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  • FIRST POST
    soldier sam
    Commutation of Army Pension - Is it worth it?
    • #1
    • 11th Jan 07, 5:30 PM
    Commutation of Army Pension - Is it worth it? 11th Jan 07 at 5:30 PM
    I retire from the Army next month after 22 years service and will receive a full pension. I will also have a commutation option of an additional (tax free) £16,761, but if I accept it, my monthly pension drops by £170 per month! I return to my full pension on reaching the age of 55. My question is, should I take the extra money and pay it off some of my mortgage or take the full pension (all of which will be taxed) then increase my monthly mortgage payments? I worked it out that for the £16,761 they are offering, they actually take over £30,000 from me over the 15 year period! Which option would be best?? :confused:
Page 1
    • Cardew
    • By Cardew 11th Jan 07, 7:19 PM
    • 27,423 Posts
    • 13,434 Thanks
    Cardew
    • #2
    • 11th Jan 07, 7:19 PM
    • #2
    • 11th Jan 07, 7:19 PM
    To enable the financial gurus amongst us to formulate advice it is pertinent to point out that soldiers can retire at 40(or with 22 years service) with an immediate pension. That pension is fixed until they reach age 55 when it is enhanced by inflation over the preceding 15 years. From that age it is inflation linked in the same manner as most government pensions.

    The prevailing wisdom was that if your pension plus new salary put you well into the higher tax bracket, or the mortgage rate rose above 6% the !!!8216;safe way!!!8217; was to take a lump sum and pay off your mortgage.

    For a standard rate tax payer and mortgage rate below 6% it was less clear cut, and depended on what return you assumed was possible when investing that element of the pension(!!!163;170 monthly for the OP)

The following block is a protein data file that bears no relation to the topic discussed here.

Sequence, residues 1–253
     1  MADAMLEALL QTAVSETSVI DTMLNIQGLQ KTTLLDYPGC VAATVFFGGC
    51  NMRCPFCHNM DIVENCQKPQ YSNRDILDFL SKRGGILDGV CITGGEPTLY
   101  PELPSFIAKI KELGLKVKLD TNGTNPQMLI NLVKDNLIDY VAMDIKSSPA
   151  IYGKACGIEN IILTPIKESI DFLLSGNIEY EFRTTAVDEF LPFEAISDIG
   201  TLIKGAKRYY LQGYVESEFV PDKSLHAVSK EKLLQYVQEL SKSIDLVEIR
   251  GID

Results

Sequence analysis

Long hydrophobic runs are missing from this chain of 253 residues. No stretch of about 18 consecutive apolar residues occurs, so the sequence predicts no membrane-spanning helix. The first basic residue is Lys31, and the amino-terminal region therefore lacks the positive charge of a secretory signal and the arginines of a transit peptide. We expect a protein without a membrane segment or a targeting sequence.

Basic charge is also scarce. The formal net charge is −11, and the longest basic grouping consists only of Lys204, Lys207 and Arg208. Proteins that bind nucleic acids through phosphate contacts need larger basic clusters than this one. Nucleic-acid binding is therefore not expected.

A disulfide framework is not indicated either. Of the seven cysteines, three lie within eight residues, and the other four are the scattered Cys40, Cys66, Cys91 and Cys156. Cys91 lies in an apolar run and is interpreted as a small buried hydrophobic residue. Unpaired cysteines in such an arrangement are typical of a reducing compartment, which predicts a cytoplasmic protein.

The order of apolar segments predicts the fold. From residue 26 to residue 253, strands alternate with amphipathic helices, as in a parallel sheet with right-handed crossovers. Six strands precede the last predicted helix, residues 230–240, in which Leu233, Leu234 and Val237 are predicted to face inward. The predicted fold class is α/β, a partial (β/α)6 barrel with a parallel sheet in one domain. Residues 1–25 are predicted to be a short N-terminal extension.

The other option considered was to invest the !!!163;170 in a second pension.
  • soldier sam
    • #3
    • 11th Jan 07, 7:45 PM
    • #3
    • 11th Jan 07, 7:45 PM
    Thanks for the input, you have explained it a little better! The reason I have asked this question is, with the new increase in interest rates today I feel that it may be worth taking the money and running but who knows whats around the corner... having a nice larger sum every month is certainly appealing!
    • Cardew
    • By Cardew 11th Jan 07, 9:51 PM
    • 27,423 Posts
    • 13,434 Thanks
    Cardew
    • #4
    • 11th Jan 07, 9:51 PM
    • #4
    • 11th Jan 07, 9:51 PM
    Thanks for the input, you have explained it a little better! The reason I have asked this question is, with the new increase in interest rates today I feel that it may be worth taking the money and running but who knows whats around the corner... having a nice larger sum every month is certainly appealing!
    by soldier sam
    I donít think there is a single Serviceman who hasnít faced this dilemma as they approach the end of their pensionable service. It was an even worse dilemma for officers who had the option to commute part of their pension for life!

    In your position I suspect that there will not be a huge difference whichever path you choose at the end of 15 years; although new rules on investing in another pension may make this a more attractive option.

    However there are some real experts on here who hopefully will give you the benefit of their wisdom.
  • soldier sam
    • #5
    • 11th Jan 07, 10:16 PM
    • #5
    • 11th Jan 07, 10:16 PM
    Hopefully someone on the forum will offer advice over the next few days, if not, then I will call an independant financial adviser to see what they say...

    Thanks
  • JACKLX
    • #6
    • 26th Apr 08, 9:52 AM
    Commutation of MOD Pension
    • #6
    • 26th Apr 08, 9:52 AM